Valley Railway, renewed

Work on the tracks and station buildings of the restored line, due to open at the end of 2016, is progressing apaceץ

Valley Railway (photo credit: ISRAEL ROADS)
Valley Railway
(photo credit: ISRAEL ROADS)
The Valley Railway opened for business in 1905 as a branch of the Hejaz Railway, which was intended to transport Muslim pilgrims to the holy city of Mecca. Money for the project ran out before the line to Mecca was completed, but the branch from Haifa to Damascus operated until the establishment of the State of Israel (and the closing of the border with Syria) in 1948.
The section of the line from Haifa to el-Hama (Hamat Gader) passed through the Jezreel Valley, an area of heavy Jewish settlement from the second decade of the 20th century. The original stations were Haifa (today called Haifa East, closed to passengers and housing the Israel Railway Museum), Tel Hanan, Kfar Yehoshua (then called Tel e-Shamam), Afula, Beit She’an (Beisan), Jisr el-Majamie, Tzemah (Samakh) and el-Hama, where the line crossed into Syria.
With the exception of Tel Hanan and Jisr el-Majamie, all the old stations still exist. As the area was settled and developed, other stations were added along the line.
There are many legends about the slow and infrequent trains, such as the possibility of jumping off the train to pick flowers and then climb aboard again, although these stories have also been foisted on small local railways around the world.
In 2003 the government decided to rebuild the Valley Railway, on a slightly different route, from Haifa to Beit She’an. The railway is due to open around the end of 2016. The line will start from the existing station of Haifa Lev Hamifratz, with stations at Kfar Baruch, Kfar Yehoshua, Afula and Beit She’an.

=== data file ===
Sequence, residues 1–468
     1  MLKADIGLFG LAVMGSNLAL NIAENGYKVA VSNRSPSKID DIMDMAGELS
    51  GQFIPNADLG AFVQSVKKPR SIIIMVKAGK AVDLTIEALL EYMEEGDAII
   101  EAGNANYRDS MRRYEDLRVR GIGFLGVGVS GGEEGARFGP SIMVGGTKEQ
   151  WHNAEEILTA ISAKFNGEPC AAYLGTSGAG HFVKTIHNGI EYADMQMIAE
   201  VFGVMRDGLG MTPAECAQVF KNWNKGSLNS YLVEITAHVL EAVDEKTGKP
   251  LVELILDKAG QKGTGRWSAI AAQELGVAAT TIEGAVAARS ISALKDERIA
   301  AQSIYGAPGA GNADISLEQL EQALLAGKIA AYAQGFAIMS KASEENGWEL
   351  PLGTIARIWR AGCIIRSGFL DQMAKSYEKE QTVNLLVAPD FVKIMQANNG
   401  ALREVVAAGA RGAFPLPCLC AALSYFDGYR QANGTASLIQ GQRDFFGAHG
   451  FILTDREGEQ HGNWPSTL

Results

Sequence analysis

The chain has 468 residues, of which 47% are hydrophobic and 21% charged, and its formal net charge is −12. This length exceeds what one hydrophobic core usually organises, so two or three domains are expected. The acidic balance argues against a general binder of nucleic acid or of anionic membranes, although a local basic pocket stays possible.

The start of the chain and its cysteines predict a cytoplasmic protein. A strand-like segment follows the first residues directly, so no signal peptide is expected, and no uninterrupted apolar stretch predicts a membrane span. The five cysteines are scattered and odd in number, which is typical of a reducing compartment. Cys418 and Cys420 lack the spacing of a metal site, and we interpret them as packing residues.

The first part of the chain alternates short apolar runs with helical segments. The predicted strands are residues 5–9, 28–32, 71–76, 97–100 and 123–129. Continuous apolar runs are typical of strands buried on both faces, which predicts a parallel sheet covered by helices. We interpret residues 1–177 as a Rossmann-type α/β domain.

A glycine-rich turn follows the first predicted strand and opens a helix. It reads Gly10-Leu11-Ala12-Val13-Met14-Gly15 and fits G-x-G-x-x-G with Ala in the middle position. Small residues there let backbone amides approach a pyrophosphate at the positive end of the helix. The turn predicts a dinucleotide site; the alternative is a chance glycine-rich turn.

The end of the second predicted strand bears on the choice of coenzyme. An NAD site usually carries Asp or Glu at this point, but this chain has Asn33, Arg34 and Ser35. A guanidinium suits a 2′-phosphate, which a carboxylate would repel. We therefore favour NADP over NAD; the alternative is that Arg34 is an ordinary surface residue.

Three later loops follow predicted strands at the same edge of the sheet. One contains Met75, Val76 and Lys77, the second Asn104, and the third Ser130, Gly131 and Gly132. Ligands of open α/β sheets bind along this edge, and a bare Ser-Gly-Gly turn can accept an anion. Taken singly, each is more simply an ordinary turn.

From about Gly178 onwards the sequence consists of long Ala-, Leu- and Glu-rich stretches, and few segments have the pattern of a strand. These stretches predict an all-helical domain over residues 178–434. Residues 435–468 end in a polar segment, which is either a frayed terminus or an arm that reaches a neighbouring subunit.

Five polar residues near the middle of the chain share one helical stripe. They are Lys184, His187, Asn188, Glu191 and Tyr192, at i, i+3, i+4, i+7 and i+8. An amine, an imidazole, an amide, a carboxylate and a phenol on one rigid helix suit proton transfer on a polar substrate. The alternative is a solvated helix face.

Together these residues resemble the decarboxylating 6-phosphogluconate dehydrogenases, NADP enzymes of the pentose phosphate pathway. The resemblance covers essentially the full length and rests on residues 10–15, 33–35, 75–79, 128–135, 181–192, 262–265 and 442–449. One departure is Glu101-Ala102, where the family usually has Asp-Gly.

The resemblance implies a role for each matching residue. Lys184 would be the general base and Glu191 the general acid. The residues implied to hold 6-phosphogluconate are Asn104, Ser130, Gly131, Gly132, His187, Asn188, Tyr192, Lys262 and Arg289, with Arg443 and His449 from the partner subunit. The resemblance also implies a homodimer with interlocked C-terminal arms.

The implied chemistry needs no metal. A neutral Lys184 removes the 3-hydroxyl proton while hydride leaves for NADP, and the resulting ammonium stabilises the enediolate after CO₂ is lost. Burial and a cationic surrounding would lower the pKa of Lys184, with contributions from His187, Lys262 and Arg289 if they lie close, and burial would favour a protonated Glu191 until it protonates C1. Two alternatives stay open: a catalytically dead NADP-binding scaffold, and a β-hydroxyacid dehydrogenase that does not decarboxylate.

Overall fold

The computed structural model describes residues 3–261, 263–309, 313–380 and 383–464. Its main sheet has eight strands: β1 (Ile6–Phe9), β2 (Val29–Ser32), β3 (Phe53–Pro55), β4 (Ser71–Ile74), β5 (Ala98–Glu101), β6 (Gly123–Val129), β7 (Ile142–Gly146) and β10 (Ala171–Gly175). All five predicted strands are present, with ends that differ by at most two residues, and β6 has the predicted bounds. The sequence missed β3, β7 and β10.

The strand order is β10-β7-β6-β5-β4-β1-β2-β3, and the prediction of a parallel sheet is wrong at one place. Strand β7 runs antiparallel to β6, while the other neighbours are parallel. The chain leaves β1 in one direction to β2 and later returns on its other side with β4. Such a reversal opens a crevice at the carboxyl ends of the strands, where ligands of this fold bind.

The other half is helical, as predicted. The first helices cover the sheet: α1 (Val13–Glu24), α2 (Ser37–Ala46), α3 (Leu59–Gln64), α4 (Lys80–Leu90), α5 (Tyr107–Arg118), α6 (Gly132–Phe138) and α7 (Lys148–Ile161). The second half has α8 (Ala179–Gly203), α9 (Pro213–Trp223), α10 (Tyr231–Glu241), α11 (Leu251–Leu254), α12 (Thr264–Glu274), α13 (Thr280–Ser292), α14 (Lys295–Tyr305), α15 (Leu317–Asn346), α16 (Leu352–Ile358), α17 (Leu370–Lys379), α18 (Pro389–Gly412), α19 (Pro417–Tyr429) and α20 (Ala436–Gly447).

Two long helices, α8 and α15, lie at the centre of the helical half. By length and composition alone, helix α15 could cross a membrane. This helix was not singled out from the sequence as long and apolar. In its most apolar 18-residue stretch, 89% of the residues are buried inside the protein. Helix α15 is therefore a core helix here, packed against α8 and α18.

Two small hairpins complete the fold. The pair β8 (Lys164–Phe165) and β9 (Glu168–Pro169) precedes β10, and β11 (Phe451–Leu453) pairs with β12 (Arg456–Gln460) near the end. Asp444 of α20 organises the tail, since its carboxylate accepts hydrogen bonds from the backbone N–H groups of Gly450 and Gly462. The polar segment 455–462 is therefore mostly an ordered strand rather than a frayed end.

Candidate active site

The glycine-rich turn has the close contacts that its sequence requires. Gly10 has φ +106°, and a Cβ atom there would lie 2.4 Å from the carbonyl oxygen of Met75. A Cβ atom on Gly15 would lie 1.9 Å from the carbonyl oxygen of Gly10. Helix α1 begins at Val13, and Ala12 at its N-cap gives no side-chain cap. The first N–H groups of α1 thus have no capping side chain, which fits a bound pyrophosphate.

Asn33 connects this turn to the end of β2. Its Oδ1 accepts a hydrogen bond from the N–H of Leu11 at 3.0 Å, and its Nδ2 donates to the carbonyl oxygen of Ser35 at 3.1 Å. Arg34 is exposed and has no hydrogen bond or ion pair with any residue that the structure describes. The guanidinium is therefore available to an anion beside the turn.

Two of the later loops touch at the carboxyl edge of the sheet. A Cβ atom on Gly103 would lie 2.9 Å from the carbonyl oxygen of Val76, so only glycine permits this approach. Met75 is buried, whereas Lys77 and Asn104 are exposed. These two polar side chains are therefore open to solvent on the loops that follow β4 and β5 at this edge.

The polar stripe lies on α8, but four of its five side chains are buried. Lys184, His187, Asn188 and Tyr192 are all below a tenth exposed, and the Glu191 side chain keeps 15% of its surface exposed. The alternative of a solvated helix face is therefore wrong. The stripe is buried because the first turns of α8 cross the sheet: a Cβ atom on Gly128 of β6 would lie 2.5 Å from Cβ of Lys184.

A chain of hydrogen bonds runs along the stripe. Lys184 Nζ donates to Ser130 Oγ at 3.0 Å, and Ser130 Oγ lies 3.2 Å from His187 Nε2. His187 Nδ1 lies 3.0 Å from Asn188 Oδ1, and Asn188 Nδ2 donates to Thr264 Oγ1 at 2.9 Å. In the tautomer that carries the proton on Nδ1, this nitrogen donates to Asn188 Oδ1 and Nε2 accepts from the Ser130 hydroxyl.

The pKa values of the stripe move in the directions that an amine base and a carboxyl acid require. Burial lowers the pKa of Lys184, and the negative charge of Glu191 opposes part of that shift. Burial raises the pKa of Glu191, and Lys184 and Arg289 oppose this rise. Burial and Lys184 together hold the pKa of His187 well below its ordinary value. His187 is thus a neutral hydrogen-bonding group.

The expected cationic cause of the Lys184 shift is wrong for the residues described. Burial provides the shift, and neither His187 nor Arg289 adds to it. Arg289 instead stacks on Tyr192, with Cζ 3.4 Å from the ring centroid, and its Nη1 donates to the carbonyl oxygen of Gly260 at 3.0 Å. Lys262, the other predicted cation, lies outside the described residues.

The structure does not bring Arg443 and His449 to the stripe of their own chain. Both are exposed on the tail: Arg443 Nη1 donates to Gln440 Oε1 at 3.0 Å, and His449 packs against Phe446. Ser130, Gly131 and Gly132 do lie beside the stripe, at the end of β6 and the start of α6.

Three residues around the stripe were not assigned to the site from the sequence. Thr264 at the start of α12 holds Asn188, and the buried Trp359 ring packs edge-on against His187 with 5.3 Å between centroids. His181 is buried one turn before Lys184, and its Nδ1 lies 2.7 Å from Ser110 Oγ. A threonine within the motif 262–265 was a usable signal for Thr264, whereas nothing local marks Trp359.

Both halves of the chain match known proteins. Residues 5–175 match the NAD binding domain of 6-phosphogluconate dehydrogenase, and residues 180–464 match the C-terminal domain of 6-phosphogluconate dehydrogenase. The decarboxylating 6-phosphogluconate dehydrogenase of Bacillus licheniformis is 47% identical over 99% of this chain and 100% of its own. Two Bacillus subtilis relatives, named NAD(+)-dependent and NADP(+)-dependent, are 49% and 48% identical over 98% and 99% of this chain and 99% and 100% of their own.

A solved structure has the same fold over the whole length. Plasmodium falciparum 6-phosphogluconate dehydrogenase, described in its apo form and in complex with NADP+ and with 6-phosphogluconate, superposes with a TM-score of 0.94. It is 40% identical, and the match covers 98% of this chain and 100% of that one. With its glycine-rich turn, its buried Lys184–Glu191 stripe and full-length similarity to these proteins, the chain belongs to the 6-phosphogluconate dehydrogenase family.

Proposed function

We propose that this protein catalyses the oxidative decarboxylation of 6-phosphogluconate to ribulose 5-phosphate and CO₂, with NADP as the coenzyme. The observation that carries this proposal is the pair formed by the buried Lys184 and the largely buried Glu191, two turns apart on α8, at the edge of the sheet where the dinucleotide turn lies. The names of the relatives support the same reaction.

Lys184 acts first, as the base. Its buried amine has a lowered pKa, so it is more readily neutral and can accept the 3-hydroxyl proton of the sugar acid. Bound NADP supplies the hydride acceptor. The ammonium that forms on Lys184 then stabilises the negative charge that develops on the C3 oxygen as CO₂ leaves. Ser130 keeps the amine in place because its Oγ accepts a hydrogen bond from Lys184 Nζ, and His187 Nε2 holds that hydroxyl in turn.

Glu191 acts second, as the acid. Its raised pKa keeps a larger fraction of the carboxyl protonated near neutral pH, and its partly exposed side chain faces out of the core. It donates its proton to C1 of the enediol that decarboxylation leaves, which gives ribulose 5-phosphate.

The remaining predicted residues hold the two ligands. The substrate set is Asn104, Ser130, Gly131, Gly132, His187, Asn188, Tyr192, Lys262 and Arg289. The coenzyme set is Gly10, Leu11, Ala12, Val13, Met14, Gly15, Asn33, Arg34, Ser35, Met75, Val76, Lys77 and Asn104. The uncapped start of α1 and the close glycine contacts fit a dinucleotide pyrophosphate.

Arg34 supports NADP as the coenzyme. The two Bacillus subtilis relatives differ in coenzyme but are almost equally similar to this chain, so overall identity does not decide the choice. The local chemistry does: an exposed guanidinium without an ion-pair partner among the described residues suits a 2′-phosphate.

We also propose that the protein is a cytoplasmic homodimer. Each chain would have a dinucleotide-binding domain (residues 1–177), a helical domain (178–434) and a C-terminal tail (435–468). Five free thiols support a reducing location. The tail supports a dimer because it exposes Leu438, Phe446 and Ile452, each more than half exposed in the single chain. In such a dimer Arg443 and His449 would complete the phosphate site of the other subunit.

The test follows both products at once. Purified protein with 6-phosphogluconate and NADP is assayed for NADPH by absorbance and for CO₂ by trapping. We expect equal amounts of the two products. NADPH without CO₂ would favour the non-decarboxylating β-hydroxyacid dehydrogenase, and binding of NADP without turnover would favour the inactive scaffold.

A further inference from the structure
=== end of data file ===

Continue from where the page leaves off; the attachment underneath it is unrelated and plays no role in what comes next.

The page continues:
Earlier this month a group of journalists spent a day visiting old and new sites along the Valley Railway, where work is progressing apace on new station buildings and track-laying.
The tour was organized by Israel Roads (Netivei Yisrael, formerly the Public Works Department), which is carrying out the work, and the Council for Conservation of Heritage Sites in Israel.
The tour (by bus!) began at the new Beit She’an station, which is almost completed. Ran Manova, the project director for this station, said it will be finished in two months. The station, which is some distance from the town, will have an access road, parking for 400 cars, six bus routes – timed to connect with trains – and a park-and-ride, and everything will be wheelchair-accessible.
Manova took us on a tour of the station, which has two platforms. There will eventually be four tracks at this terminus station. The entire length of the line, 60 kilometers, will initially be single-track, with a second track to be laid in the future. All road crossings will be bridges – the line will have no level crossings for safety reasons.
While the line will be used for freight trains as well as passenger trains, there will be no freight terminal at Beit She’an station. Manova said the location of the freight terminal, which in addition to Israeli freight will be used for Jordanian freight to Haifa Port, has yet to be decided. Freight trains will run at night to avoid conflicting with passenger trains.